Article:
A New Digital Story Every Day This Week - Young Marriage and Parenthood in Ethiopia

Images from Ethiopia with the names of the young Ethiopian people who will be interviewed.

As part of our Young Marriage and Parenthood Study, and in the lead up to the International Day of the Girl Child (October 11th) we are releasing one of five Ethiopian digital films every day this week. Each film hears from a Young Lives' child - now aged around 25 years old - about their experience of young marriage, relationships and caregiving, while living in poverty.

Every year millions marry and become parents young yet we rarely hear their voices. These digital films bring together interviews and photos chosen by the young people to illustrate their every day lives and the challenges they face.  All images and voices have been anonymised.

In our fifth and final film we hear from Medi and Fatuma, two young mothers living in Addis Ababa. In their late teenage years they met and married their husbands, and now both look after their children and do work within the home, but are unable to return to education or find formal work. They both are proud to support their children in their education and find motherhood tough but rewarding.

Medi and Fatuma - Young Mothers

"Motherhood is tough. It is when you see the toughness that you realize the price paid by your mother."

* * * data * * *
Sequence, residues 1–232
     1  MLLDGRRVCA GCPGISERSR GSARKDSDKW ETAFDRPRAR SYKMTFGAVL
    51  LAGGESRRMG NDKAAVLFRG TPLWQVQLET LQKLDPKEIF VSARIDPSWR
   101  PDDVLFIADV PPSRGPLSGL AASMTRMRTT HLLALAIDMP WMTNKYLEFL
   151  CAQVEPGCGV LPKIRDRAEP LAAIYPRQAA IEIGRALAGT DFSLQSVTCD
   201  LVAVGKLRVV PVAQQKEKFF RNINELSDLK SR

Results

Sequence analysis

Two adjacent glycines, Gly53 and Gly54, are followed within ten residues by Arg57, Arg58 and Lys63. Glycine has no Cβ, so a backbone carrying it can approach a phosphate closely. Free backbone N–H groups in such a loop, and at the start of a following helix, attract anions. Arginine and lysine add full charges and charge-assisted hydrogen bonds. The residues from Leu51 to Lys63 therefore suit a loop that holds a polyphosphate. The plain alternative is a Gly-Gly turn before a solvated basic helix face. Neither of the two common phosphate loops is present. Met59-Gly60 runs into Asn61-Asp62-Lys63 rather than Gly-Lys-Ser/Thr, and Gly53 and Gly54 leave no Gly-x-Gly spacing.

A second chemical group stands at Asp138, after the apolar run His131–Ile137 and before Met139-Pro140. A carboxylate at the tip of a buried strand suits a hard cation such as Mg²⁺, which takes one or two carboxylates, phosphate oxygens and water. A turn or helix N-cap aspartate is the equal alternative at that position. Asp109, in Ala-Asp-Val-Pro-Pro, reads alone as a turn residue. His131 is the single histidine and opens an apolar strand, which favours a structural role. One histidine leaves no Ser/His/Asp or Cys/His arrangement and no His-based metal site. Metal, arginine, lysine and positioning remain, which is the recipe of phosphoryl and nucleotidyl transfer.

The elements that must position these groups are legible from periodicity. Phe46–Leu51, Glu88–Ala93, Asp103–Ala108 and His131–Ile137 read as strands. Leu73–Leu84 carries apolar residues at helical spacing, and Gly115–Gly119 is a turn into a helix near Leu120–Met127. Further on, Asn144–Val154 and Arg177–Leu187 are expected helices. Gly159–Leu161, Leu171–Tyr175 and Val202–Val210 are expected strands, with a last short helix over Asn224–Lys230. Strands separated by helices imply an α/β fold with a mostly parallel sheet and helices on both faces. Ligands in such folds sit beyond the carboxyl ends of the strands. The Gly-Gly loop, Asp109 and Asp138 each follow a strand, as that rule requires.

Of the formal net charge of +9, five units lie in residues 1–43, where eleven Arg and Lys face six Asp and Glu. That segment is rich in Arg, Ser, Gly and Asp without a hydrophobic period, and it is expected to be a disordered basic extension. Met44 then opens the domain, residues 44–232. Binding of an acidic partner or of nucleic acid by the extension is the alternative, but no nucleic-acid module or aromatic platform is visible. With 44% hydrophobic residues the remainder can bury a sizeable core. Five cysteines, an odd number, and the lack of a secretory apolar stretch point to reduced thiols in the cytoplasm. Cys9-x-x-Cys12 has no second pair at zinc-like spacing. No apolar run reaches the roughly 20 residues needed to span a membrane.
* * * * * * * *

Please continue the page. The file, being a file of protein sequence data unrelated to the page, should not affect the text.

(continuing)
Our fourth film follows Shashitu's story, she dropped out of school when she was young due to poverty and now earns money by selling soft drinks. She has chosen not to marry, but hopes to in the future. In this film she shares images she has chosen of her daily life and discusses her experiences of a past relationship and her hopes for the future.

Shashitu

"I did not want to get married because I need many things to establish a family."

Our third film follows Afework's story, he left college to be able to care for his niece when his sister migrated to the Middle East. In this film he shares images he has chosen about his daily life and discusses what he has learned from a previous relationship and from being his niece's caregiver.

Afework

"I was attending college until my sister gave me responsibility for caring for my niece, which was very difficult."

 

Our second film follows Tufa's story, he left school when he was young due to poverty and now poverty is affecting his choice to marry. In this film he shares images he has chosen and discusses the challenges he faces if he wishes to marry, as well as his plans for the future.

Tufa

"I have not married since my family are poor."

In our first film, Beletch and her husband Mamuye discuss and share images of their daily life and experiences as a young married couple. Beletch believes she left school at 17 to get married; she's uncertain of her age.

Beletch

'I was not able to go to school after I married. How is that possible once you are married?'

Throughout the week we've shared a new digital film each day - in the lead up to the International Day of the Girl Child. The Young Marriage and Parenthood Study (YMAPS) is a collaboration between Young Lives and Child Frontiers. You can find all the research published as part of YMAPS here.